The government will raise the annual sales limit for society lotteries to £50m, which is £50m less than was expected.
The Department for Digital, Culture, Media and Sport consulted on society lotteries from June to September last year and recommended increasing the annual ticket sales limit from £10m to £100m.
Sector representatives, including the Lotteries Council, the Institute of Fundraising and the People’s Postcode Lottery said they were disappointed that the upper limit of £100m had not been approved.
A spokesperson for DCMS told Civil Society News it aimed to make the necessary legislative changes in the autumn.
'This is a missed opportunity for real reform'
Tony Vick, chair of the Lotteries Council said: “After seven years spent engaging with ministers on reforms to society lotteries, we welcome the government’s decision to take a step in the right direction by increasing the annual sales limit from £10m to £50m.
“We will continue to campaign for increasing the annual sales limit to £100m, as the government itself acknowledged when it made its original recommendation last year, and we look forward to setting out this case in a further consultation.
“Whilst the announcement offers some clarity to the hundreds of charities across the country that are facing increasing financial uncertainty – and we would urge the government to implement these changes as a matter of urgency – this is a missed opportunity to introduce real reform to the sector.
“We agree with the minister that society lotteries are a vital funding mechanism for thousands of charities and we regret the decision to ignore reforms that would have enabled them to do more."
Gambling Commission to consult on new rules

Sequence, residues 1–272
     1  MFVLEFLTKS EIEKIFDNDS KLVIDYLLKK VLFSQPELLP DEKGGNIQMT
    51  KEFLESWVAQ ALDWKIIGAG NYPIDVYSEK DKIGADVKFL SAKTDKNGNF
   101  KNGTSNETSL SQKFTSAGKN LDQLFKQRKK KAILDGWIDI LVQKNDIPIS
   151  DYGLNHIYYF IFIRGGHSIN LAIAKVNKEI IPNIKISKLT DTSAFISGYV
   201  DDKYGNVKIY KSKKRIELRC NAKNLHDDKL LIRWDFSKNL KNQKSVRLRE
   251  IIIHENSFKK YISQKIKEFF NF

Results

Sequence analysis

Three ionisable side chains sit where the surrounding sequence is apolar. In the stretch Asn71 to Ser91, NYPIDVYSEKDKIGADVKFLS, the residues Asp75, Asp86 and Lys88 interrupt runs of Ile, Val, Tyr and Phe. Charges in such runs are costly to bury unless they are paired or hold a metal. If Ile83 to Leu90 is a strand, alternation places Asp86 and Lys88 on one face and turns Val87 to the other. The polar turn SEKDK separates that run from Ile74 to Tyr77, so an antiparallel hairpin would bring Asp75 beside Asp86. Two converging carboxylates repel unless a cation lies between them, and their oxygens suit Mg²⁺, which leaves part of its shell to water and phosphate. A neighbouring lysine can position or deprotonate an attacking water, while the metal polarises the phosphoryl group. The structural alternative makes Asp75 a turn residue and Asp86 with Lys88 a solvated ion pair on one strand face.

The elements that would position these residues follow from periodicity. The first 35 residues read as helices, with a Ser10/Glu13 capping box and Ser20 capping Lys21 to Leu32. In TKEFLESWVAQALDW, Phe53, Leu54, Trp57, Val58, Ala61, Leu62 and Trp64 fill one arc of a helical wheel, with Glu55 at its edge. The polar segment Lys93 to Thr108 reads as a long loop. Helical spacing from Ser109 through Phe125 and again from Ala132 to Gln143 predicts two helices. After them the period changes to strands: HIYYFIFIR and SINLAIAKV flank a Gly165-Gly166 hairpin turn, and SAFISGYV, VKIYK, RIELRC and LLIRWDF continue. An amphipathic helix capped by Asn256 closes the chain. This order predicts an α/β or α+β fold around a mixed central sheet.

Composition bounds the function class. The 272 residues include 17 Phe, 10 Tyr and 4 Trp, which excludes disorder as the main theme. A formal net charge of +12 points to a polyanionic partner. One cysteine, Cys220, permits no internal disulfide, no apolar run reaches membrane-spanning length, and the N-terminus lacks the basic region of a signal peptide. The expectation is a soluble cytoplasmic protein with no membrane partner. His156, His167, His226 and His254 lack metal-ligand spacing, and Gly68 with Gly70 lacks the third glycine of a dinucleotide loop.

DCMS also said that the Gambling Commission now plans to consult on measures to tighten the licensing framework for society lotteries.
It said this was because society lotteries should be held to high standards of transparency and that players should have a clear idea of how their money is spent.
NCVO: '£50m increase addresses much of the issue'
Douglas Dowell, policy manager at NCVO told Civil Society News that the increase in the annual sales limit to £50m would broadly address the issue.
He added that NCVO welcomed the increase and said: "We were persuaded that only modestly increasing it would do nothing to alleviate the bureaucratic burden for the largest charities, and might deter medium and moderately large charities from growing their fundraising through this channel.
"We supported a rise to £100m in our response to the consultation, but the £50m limit will address much of this issue."
But he added that there are still issues to be resolved when it comes to umbrella lotteries: "Although they’re marketed under a national brand, in law they are considered groups of individual society lotteries, meaning that – provided none of the individual lotteries exceeds the limits on proceeds and prizes – the limits are effectively bypassed for the umbrella lottery as a whole."
A long-running campaign
Clara Govier, People’s Postcode Lottery managing director said: “I applaud the minister’s decision to reform Britain’s outdated charity lottery regulations.